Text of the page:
Hello and please forgive my delay in posting. It has been incredibly busy and I find that by the end of the day it is all I can do to finish off some field notes and fall into bed. Where to begin? First of all, I am no longer a habari greeting--I have graduated to the status of sikamo--the greeting reserved for elders. Rats. I thought I still had a few youthful years left. I am trying to receive such greetings gracefully, yet surrounded by so many university students who clearly are still worthy of a casual habari, it's a telling sin that I better get on with this research..time is not slowing down.
It has been an amazing couple of weeks (now in my 4th week here in Tanzania). Watching the students settle into their program has been very interesting; as I am not in the position of leader, I am enjoying watching them struggle, celebrate, plan and enjoy everything about life in Mwanza. There were some setbacks--typhoid, malaria and other parasitical maladies--but quick trips to the hospital put all on the road to recovery quickly.We took a 48 hour trip down to Ussongo to enjoy the beautiful countryside and some evening quiet (Mwanza needs to work on noise ordinances) and are now back to wrap-up this project.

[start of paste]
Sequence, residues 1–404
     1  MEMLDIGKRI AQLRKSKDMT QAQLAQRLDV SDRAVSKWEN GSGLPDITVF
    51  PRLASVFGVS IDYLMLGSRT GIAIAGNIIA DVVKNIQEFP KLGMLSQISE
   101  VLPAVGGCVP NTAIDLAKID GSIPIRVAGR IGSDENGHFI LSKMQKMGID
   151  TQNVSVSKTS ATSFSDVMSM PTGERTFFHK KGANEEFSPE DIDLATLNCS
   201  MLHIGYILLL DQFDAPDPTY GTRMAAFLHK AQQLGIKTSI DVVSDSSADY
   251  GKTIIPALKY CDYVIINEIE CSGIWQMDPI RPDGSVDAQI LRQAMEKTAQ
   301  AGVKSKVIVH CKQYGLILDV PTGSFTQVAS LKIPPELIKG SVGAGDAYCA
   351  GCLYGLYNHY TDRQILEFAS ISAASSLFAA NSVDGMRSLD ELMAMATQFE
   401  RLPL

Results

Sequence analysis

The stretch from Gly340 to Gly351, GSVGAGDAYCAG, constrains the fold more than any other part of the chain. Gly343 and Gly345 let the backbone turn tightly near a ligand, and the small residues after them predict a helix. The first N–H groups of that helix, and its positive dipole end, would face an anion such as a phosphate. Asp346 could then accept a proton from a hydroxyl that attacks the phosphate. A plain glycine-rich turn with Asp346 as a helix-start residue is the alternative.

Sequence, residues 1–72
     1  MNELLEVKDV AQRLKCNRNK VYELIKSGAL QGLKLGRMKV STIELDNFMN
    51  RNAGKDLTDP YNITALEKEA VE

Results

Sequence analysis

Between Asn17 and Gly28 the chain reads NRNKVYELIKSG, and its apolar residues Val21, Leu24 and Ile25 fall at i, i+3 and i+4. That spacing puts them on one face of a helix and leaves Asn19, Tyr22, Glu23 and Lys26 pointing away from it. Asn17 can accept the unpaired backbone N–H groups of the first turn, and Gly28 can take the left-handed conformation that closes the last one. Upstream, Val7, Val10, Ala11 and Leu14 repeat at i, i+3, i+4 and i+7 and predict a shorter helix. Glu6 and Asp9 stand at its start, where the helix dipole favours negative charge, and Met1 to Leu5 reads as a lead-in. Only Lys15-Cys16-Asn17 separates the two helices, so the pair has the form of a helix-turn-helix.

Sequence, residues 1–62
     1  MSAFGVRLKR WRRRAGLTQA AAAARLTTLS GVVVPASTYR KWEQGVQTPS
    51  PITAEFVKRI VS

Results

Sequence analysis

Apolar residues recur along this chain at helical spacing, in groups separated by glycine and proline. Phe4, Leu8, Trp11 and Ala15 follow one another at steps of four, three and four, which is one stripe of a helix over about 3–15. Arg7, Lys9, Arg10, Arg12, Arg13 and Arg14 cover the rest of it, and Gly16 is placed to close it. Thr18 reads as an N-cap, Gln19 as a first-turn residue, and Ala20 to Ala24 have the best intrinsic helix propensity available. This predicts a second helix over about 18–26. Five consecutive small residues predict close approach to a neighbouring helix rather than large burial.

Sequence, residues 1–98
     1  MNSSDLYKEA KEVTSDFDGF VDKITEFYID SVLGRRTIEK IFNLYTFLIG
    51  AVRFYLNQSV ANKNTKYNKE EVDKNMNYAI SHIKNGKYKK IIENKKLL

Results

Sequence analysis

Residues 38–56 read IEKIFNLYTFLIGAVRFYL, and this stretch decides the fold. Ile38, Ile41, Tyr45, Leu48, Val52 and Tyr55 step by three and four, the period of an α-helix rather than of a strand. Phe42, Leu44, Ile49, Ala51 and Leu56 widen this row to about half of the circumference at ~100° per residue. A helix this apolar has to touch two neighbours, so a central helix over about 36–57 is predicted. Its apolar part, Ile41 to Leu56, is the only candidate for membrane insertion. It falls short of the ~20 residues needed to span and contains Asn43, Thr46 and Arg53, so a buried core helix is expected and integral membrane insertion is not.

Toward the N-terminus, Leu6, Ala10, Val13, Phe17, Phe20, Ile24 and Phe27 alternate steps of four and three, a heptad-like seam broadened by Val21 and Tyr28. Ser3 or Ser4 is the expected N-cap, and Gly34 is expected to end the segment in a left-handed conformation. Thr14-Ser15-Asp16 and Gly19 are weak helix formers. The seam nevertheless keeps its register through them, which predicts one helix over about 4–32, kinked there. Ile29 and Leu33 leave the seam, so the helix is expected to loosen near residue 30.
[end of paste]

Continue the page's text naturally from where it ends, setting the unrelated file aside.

The yoghurt kitchens and their place within the context of Mwanzan society is interesting--I am not really sure how to describe Mwanza except as a globalized city--it is not huge (I think under 1 million) yet it is positioned on the shore of Lake Victoria with visible global enterprises operating in fishing, mining & petroleum industries. Two upscale hotels in town (Gold Crest & New Mwanza) cater to international business people. My friend and I needed some different food (enough beans and rice!) so we went to New Mwanza last night--we were surrounded by Korean and Chinese businessmen. I really wish I knew what had brought them to Mwanza. My mind returns to Darwin's Nightmare....
In the news, all the actors in East Africa seem to be progressing well save for Tanzania. Perhaps conflict does pay. Uganda, Rwanda, Kenya and even Burundi are posting higher economic growth. Corruption seems to be a theme in local news stories--and we know where that will eventually lead. There are opposition municipal governments in several significant cities so it will be interesting to see what happens in the next national election.
I am off to meet with some of the gang. We have quite a Western contingent here--a few from Ivey and of course, all the Global Health Promotions folks.
Take care all--thanks for reading.